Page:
Frederick, now 23, said he later had to drop out of college after his father lost his job. The elder Frederick, who worked for the company that insures the Juneau schools, was fired in connection with his son's legal fight, the son said. A jury recently awarded Frank Frederick $200,000 in a lawsuit he filed over his firing.

Joseph Frederick, who has been teaching and studying in China, pleaded guilty in 2004 to a misdemeanor charge of selling marijuana at Stephen F. Austin State University in Nacogdoches, Texas, according to court records.

Conservative groups that often are allied with the administration backed Frederick out of concern that a ruling for Morse would let schools clamp down on religious expression, including speech that might oppose homosexuality or abortion.

High court hears 'Bong Hits 4 Jesus' case
Justice Breyer says he's struggling with free-speech/school-discipline issues raised when student was suspended for displaying banner at school outing; students rally outside Supreme Court. 03.19.07


Quick look: Morse v. Frederick


Judge: District won't pay damages in 'Bong Hits' case
Attorney for former student who displayed banner in case that reached high court says state issues can still be appealed. 10.15.07

Mo. teen files free-speech suit in photo flap
Superintendent says it was classroom disruption — not Logan Glover's surreptitious picture-taking and posting of images of teacher — that prompted discipline. 12.18.07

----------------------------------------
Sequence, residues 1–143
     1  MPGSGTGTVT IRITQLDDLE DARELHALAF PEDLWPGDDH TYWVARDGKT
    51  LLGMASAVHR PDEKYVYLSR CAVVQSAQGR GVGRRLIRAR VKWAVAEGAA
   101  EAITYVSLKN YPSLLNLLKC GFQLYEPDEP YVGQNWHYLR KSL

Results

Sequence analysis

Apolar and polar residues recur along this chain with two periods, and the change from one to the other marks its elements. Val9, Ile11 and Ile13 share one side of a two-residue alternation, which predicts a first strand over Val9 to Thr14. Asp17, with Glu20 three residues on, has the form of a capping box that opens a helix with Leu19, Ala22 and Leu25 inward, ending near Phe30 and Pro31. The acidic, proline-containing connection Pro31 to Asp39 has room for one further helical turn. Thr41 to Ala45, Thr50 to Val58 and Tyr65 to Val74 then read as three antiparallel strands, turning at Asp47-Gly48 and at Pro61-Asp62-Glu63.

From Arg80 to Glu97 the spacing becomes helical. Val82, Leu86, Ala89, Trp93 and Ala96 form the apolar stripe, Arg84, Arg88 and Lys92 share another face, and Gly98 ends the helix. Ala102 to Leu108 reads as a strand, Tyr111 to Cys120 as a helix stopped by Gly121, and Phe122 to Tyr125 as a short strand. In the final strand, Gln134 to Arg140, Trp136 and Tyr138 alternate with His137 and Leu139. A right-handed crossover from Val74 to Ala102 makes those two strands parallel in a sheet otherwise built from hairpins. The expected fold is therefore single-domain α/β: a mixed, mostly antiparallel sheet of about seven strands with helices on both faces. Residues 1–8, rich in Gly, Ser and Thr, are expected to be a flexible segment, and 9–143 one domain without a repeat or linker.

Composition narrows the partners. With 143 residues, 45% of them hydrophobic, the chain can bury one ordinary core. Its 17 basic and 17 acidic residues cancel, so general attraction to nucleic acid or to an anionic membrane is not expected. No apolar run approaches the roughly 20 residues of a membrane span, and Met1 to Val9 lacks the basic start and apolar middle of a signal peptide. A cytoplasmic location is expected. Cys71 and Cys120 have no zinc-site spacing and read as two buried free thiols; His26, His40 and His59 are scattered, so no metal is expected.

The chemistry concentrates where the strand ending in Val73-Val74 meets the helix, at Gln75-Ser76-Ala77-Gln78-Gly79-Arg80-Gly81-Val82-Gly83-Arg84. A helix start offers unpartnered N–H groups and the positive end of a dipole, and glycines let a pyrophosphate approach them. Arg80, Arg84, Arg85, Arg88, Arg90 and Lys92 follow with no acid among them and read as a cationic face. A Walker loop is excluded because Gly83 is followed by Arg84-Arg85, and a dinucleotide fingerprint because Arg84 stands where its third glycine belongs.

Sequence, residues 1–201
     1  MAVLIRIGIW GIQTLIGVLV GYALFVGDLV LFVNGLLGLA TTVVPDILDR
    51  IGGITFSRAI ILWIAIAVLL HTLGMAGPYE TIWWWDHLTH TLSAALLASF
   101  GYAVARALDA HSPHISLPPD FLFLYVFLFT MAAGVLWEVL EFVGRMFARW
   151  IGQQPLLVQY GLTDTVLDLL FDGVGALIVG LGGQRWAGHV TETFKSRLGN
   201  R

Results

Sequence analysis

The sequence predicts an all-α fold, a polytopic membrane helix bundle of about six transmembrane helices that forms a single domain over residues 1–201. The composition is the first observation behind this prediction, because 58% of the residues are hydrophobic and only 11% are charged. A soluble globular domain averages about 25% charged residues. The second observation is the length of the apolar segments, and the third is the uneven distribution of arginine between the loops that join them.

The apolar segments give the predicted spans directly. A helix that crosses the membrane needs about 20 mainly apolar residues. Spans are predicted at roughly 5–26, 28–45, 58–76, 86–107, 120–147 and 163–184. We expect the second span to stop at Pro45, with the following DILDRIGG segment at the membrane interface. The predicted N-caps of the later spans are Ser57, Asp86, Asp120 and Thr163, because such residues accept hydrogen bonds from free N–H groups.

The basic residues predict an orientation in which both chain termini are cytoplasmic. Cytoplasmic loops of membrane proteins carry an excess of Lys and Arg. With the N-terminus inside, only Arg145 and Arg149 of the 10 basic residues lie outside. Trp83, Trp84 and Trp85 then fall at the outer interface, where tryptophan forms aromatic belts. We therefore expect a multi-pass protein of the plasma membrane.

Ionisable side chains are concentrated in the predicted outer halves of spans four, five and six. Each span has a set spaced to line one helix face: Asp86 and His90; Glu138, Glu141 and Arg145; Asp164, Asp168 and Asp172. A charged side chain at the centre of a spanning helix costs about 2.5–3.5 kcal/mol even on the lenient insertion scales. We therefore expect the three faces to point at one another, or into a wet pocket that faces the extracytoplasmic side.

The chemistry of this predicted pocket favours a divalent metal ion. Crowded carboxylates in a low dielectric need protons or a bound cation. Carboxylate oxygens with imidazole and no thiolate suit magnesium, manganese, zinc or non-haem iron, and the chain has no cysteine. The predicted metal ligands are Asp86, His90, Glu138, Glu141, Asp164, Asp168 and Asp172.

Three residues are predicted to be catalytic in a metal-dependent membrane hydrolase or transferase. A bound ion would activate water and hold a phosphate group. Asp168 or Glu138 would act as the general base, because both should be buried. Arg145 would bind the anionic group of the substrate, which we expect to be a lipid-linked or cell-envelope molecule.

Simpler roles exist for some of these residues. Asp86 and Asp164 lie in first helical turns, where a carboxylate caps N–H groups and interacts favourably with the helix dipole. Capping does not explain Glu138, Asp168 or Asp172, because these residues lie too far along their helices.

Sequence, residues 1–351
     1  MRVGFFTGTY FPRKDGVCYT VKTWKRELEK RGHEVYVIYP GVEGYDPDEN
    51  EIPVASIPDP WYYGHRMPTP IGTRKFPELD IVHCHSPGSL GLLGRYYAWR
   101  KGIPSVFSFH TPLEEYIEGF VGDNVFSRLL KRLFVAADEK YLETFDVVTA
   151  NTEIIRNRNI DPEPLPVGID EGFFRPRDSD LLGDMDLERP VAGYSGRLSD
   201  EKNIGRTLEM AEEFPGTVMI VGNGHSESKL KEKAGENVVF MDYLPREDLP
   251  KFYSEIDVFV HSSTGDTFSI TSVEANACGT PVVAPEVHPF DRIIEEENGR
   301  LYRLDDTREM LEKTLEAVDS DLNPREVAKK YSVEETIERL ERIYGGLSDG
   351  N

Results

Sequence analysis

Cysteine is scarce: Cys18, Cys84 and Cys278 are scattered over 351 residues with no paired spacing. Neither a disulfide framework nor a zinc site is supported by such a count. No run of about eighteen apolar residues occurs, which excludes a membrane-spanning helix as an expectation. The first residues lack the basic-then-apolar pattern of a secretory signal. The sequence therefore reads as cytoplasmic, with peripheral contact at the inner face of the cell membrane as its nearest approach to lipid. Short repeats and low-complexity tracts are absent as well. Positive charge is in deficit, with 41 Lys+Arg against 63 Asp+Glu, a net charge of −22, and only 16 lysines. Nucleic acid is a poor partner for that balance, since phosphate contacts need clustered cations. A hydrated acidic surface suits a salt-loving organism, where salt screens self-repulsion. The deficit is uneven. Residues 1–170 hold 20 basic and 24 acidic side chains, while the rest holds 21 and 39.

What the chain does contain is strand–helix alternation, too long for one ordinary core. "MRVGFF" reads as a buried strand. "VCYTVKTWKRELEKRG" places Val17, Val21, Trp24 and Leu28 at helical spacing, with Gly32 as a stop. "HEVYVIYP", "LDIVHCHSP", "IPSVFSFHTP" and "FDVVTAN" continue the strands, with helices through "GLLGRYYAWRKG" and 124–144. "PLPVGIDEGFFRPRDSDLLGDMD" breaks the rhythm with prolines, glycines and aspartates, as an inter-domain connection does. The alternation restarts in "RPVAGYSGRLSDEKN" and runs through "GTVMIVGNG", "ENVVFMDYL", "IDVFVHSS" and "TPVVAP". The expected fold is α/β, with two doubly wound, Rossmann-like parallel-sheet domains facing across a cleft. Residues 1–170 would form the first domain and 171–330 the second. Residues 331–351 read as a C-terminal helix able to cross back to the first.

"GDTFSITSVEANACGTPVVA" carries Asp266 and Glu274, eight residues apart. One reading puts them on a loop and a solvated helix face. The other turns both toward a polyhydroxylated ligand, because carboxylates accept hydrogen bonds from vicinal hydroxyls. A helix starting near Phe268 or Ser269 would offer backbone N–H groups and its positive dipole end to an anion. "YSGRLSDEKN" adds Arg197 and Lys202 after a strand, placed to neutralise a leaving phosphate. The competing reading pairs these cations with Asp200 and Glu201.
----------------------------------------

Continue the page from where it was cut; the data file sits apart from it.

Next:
Justices may take centrist view of 'Bong Hits' case
By Tony Mauro Wariness of giving schools too much power over student speech contends with desire to help them fight drug use. 03.20.07

First Amendment claims get mixed reception at Court
By Tony Mauro Rulings shed light on how more conservative majority looks at the First Amendment — and how the moderate-liberal wing is losing ground. 06.26.07

Morse v. Frederick: history, policy and temptation
By William D. Araiza In student-speech and other cases, Justice Thomas' approach reflects discomfort with the balancing and line-drawing that marks much of the Court’s recent free-speech jurisprudence. 10.08.07

Is this the 'youth voice'?
By Sam Chaltain Student's 'bong hits' banner case at high court lacks the moral import of 1969 Tinker ruling — suggesting an eroding quality of discourse in our country. 03.21.07

‘Bong Hits’ case may clarify scope of student speech
By Gene Policinski How much leeway should school officials have to declare expression by students to be 'disruptive'? 03.25.07

Saving free speech and Jesus
By Nat Hentoff What makes 'Bong Hits 4 Jesus' case startlingly unique is number of conservative and religious groups supporting Joe Frederick's right to unfurl his banner. 04.13.07

Did student-speech rights go up in smoke?
By David L. Hudson Jr. Court's ruling in 'Bong Hits' case limits student speech, but it wasn't a complete disaster. 06.27.07

For high school students, free speech is no joke
By Charles C. Haynes Narrowly drawn as Supreme Court justices tried to make 'Bong Hits 4 Jesus' ruling, don’t be surprised when many school officials and judges use it to find new grounds for censoring students. 07.08.07

5th Circuit extends limits on student speech
By Douglas Lee Panel makes several curious twists and turns to reach conclusion that its decision 'follow(s) the lead' of recent Supreme Court ruling. 11.27.07

2006-07 Supreme Court case tracker

K-12 public school student expression